The Gainesville school system is expecting about $2 million less in state funding this budget year, school officials said Monday night.
City officials were bracing for huge cuts, given the state’s faltering economy, but had expected to also receive a mid-term supplement of $1.8 million that accounts for the system’s enrollment growth since the passage of last year’s state budget.
“But the austerity reductions — further cuts — pretty much wiped out the mid-term adjustment,” said Superintendent Merrianne Dyer.
Janet Allison, finance chief for the school system, told the City Board of Education Monday night those numbers may go up if “we get (federal) stimulus money to backfill that.”
School officials have spent the year fighting against a bad economy, including efforts to chip away at an estimated $5.8 million deficit. They have said they are hopeful they can pay off about $1.8 million of that amount this summer.
Systems statewide are experiencing similar issues.
Due to drastic cuts in state funds, the Hall County Board of Education is building a budget for the 2009-10 fiscal year, which begins July 1, that is $10 million less than this fiscal year’s budget.
Both systems have had to lay off teachers and freeze positions to save costs.
Allison said Monday night that the school system still is lacking about $850,000 in property tax revenues for the year, but that between April 1 and June 30 last year, slightly under $800,000 trickled in.
“With our (tax) rate a little higher this time, you would expect to get somewhere around $1 million probably,” she said.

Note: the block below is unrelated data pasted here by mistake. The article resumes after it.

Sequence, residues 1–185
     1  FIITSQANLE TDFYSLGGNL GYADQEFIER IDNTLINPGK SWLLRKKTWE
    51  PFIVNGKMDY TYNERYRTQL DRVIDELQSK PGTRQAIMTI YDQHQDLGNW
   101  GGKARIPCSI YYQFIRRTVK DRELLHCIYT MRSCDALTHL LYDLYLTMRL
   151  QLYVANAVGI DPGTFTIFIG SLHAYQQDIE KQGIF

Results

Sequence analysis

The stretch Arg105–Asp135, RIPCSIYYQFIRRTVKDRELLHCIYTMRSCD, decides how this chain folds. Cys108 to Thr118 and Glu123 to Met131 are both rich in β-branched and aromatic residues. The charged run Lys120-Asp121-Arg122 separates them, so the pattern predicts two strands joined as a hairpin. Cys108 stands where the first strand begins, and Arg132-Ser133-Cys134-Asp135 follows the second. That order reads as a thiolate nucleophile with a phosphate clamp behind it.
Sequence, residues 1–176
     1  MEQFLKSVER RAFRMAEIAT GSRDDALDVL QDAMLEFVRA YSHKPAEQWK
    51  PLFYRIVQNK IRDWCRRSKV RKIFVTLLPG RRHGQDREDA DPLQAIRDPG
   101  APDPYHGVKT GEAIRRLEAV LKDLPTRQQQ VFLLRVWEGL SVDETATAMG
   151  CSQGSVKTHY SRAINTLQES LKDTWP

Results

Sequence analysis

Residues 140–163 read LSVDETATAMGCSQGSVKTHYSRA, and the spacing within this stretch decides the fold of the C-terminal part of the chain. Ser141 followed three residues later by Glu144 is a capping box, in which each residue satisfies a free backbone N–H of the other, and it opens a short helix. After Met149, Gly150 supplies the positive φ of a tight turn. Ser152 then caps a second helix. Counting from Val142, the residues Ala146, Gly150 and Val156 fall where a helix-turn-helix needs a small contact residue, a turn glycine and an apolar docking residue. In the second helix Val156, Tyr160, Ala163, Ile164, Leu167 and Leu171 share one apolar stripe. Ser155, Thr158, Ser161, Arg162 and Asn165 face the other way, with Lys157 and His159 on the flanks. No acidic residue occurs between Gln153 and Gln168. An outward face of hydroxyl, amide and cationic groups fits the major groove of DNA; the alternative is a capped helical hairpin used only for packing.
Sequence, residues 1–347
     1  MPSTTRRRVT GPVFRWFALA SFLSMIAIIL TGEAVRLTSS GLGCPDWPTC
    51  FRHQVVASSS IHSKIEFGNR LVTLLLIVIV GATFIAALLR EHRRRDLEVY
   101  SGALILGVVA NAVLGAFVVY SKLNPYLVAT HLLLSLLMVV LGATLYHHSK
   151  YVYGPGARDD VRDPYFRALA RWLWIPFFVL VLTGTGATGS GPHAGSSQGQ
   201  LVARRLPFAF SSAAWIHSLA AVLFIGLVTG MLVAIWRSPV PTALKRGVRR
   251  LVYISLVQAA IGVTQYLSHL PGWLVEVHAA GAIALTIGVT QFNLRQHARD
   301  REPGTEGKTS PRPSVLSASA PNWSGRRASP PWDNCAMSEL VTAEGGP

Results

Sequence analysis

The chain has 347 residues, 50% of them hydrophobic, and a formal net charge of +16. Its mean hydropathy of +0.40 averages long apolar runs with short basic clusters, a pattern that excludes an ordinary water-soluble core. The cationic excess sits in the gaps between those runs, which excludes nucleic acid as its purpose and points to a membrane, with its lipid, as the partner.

In other business, board members talked about compiling questions for Gainesville City Council concerning plans for a redevelopment district.
The board voted last week to back out of an agreement with the council to help fund redevelopment projects in Gainesville’s Midtown and downtown. But members talked about putting together a list of questions about the initiative by the board’s May meeting and then discussing them at its June work session.
“And then we can send them off,” said the board’s chairman, David Syfan.
In the meantime, the system plans to send a letter about its official action to city officials.
The school board’s decision cuts nearly 65 percent of the Gainesville redevelopment district’s funding, but does, however, leave open the possibility of future school board participation in Gainesville’s tax allocation district.
Under their 2006 agreement, city and county governments and the school system still would get property tax revenue from the 270-acre district, but revenues above the Dec. 31, 2006, taxable value would fund redevelopment projects in the area.
Redevelopment usually increases property values and therefore tax revenues.
Gainesville school board officials have expressed concerns with giving up the revenue — an estimated $130,000 — when they recently approved teacher layoffs.